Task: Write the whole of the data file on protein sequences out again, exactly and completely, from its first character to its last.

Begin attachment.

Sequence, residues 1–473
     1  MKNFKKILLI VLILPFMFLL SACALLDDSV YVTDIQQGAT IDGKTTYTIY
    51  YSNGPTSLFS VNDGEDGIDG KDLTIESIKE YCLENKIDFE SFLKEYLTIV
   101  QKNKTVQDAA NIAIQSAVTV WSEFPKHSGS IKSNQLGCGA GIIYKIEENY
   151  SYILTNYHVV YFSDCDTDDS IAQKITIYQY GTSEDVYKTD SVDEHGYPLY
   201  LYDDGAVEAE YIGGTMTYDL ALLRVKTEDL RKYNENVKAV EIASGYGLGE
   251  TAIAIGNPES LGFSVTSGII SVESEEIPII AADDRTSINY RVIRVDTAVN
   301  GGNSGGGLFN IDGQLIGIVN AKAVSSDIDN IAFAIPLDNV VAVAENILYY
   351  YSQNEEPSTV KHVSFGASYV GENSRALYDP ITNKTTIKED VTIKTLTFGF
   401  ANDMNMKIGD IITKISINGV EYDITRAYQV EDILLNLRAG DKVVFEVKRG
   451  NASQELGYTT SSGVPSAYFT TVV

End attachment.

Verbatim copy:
Sequence, residues 1–473
     1  MKNFKKILLI VLILPFMFLL SACALLDDSV YVTDIQQGAT IDGKTTYTIY
    51  YSNGPTSLFS VNDGEDGIDG KDLTIESIKE YCLENKIDFE SFLKEYLTIV
   101  QKNKTVQDAA NIAIQSAVTV WSEFPKHSGS IKSNQLGCGA GIIYKIEENY
   151  SYILTNYHVV YFSDCDTDDS IAQKITIYQY GTSEDVYKTD SVDEHGYPLY
   201  LYDDGAVEAE YIGGTMTYDL ALLRVKTEDL RKYNENVKAV EIASGYGLGE
   251  TAIAIGNPES LGFSVTSGII SVESEEIPII AADDRTSINY RVIRVDTAVN
   301  GGNSGGGLFN IDGQLIGIVN AKAVSSDIDN IAFAIPLDNV VAVAENILYY
   351  YSQNEEPSTV KHVSFGASYV GENSRALYDP ITNKTTIKED VTIKTLTFGF
   401  ANDMNMKIGD IITKISINGV EYDITRAYQV EDILLNLRAG DKVVFEVKRG
   451  NASQELGYTT SSGVPSAYFT TVV